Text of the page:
The Terror From Beneath – Us Review

I can’t discuss Jordan Peele’s latest film, Us in any kind of satisfying way without being a little spoilery so I decided to split this review with a break midway so you can leave before I discuss anything related to the plot.

giphy-5Lupita Nyong’o as Adelaide Watson has set the bar for all of next year’s awards here and now. It’s a tremendous and nuanced performance on both sides as her dark mirror as well. While my fellow country man Winston Duke makes a lovable turn as her husband, Gabe Wilson, all hail the Queen.

giphy-3A while back, I wrote about how weak The Nun because of its reliance on noise heavy jump scares without any kind of patience to build true dread or unease in the viewer. Us is a masterclass in what I meant because I can’t think of a single jump scare from it. If anything, there are moments where Peele seems to be playing on audiences’ conditioning to expect jump scares and then subverting it with the uneasy dread or, in some cases, human comedy.

The plot moves along at a lean clip, and I can’t think of an ounce of fat to be found in this movie, all this despite a robust cast that all feel unique and fleshed out- even the supporting cast outside the main quartet of the Watsons. Peele’s pedigree as a sketch comedian really shows its stripes here: characterization, clear movement from scene to scene focusing around the game he’s presenting to the audience for a given act, it’s one of the best horror movies of the modern era.

giphy-2I saw it with the same friend I saw Suspiria with, and we both acknowledged after the movie that it felt as if it had a lot of the same fabric in terms of tone and pacing, as well as the more primal fears it drew from to scare us. On that note, I’ll conclude the non-spoilers section with: this is a spectacular movie and well worth your time not just if you’re a fan of horror, but if you’ve ever enjoyed any  horror movie at all. Afraid of spoilers? Here’s your warning:


It’s impossible to discuss this movie without acknowledging the race/socio-economic undertones of it, but to fully discuss it I have to spoil certain things. In the first 15 minutes of the film after the family arrive to the summer home, we meet the Tylers, a neighboring, richer white family with Tim Heidecker as the patriarch Josh, Elizabeth Moss as his sharp tongued wife Kitty, and their twins (because creepy white twins is a trope Peele couldn’t resist) played by Calli and Noelle Sheldon.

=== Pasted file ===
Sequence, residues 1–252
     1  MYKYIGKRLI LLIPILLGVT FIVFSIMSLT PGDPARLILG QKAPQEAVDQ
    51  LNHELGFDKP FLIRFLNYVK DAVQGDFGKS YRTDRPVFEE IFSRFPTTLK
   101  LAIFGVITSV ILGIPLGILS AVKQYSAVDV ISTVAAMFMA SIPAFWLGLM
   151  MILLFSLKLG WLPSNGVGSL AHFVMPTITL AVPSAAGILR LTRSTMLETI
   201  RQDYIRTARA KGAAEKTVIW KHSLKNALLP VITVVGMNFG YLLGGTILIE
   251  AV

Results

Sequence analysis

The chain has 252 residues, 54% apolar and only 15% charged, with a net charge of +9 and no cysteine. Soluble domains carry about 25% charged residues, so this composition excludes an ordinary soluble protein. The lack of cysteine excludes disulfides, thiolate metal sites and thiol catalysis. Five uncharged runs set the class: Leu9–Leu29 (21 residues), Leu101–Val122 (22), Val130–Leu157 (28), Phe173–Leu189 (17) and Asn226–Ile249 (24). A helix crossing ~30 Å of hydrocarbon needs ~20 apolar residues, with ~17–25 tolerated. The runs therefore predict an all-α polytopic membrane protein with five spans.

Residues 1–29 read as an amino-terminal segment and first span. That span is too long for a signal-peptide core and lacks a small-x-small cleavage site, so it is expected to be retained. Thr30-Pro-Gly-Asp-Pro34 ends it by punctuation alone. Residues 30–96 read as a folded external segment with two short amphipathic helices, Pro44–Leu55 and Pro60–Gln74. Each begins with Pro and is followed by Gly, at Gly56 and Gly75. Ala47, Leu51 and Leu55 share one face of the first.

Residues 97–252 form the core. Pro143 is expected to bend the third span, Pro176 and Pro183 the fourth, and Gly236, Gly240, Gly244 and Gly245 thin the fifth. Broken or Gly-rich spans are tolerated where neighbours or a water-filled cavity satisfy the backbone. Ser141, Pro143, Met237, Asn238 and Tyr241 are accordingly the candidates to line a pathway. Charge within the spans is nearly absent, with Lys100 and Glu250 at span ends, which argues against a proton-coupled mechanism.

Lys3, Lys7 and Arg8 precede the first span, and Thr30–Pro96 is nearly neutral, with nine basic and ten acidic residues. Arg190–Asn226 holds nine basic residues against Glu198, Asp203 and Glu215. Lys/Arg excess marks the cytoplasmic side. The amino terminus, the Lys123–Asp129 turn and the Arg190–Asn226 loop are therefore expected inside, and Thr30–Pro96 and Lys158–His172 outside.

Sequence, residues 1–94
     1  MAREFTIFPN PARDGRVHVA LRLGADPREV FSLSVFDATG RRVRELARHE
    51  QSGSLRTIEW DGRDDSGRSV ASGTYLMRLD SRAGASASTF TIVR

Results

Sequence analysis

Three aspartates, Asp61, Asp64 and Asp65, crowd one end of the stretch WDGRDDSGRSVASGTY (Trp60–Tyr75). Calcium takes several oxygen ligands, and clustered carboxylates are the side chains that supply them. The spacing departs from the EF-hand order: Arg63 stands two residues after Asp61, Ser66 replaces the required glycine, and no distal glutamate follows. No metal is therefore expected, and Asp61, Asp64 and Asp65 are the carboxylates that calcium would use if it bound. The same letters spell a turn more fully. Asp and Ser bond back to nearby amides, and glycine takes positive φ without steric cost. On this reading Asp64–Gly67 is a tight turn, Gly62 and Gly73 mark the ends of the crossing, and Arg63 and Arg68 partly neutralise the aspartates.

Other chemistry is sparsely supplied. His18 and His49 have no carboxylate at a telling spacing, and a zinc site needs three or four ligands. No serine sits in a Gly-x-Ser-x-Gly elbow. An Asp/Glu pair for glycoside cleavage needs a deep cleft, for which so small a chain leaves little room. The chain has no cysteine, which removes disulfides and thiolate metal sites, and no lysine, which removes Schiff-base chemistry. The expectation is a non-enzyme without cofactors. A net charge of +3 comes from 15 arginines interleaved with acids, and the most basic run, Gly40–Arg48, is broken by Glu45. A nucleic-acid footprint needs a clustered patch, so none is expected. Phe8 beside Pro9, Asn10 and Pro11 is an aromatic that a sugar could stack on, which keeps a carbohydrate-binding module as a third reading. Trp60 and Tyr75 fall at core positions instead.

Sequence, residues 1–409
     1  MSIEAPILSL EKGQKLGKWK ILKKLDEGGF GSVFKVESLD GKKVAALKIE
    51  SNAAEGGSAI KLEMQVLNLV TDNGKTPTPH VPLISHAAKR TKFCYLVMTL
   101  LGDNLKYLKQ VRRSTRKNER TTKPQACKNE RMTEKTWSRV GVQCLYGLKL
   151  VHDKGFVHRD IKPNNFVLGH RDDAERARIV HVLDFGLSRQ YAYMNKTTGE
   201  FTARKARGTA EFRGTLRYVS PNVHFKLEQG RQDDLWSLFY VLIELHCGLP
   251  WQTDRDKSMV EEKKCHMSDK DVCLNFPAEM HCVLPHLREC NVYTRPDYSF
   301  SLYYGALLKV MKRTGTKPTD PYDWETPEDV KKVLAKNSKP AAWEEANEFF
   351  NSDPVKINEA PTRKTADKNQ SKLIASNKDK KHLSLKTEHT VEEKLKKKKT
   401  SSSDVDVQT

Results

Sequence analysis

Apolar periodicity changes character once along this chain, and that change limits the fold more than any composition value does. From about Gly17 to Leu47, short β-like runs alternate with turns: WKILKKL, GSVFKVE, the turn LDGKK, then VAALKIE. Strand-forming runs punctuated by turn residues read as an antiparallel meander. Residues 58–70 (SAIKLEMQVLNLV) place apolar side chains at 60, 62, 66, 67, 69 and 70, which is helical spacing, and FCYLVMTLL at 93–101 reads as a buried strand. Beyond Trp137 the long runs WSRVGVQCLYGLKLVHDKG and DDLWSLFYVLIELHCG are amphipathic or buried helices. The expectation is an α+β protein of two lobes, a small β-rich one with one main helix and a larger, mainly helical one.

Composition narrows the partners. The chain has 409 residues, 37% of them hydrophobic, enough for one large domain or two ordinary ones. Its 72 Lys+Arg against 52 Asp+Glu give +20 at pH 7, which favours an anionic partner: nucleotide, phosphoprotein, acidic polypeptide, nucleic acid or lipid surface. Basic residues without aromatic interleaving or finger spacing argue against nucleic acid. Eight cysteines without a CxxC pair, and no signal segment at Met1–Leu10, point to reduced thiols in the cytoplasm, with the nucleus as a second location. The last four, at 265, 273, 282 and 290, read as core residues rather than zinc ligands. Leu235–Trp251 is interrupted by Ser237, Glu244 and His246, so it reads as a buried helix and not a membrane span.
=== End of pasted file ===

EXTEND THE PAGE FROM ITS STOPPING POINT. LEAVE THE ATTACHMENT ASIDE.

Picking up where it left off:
giphy-6I mentioned the “game” shifts act to act. In the first act where we meet the Tylers, the game is the onset dread of things not being quite right, of Adelaide (Nyong’o) knowing something’s coming, and her being the “crazy one” in the face of the everyone else around her being the voices of reason. This is especially apparent at the beach, where the Tylers’ as voices of reason distract themselves and try to distract Adelaide with booze, prescription pills, and conversations about plastic surgery (God bless Elizabeth Moss).

We come back to the Tyler’s in what could be considered the third act, after the terrors have appeared in the open, and the Watson family has fled. The Watsons don’t realize the Tylers suffered their own assault, and have been replaced by their doppelgangers, here and throughout the movie Peele subverts tropes: it’s not the black family, or even a black individual who dies first in this movie. In fact, the white family does. Digging a little deeper: it’s the white peoples’ whiteness and sense of invincibility in their shining fortress of a mansion that makes them the quicker victims.

giphy-8There’s more yet I can dig into as far as the origins of these doppelgangers: manufactured duplicates of above world equivalents bred for unspecified intent to live underneath. What does that say about heritage, class and background that these threats rise up from underneath having neither comfort, culture, nor even exposure to the natural world that we enjoy and take for granted in their eyes?

[Ultimate spoiler warning, turn back now]giphy-7

What are we to make of the fact that our heroine is herself from that depth, and traded places in adolescence, only to now protect and keep her place with us here by literally killing herself and the other dark mirrors that came up from underneath?

Jordan Peele, you’re a master at the craft, bravo.


Author: Y. Balloo

Amateur novelist / Work in progress.

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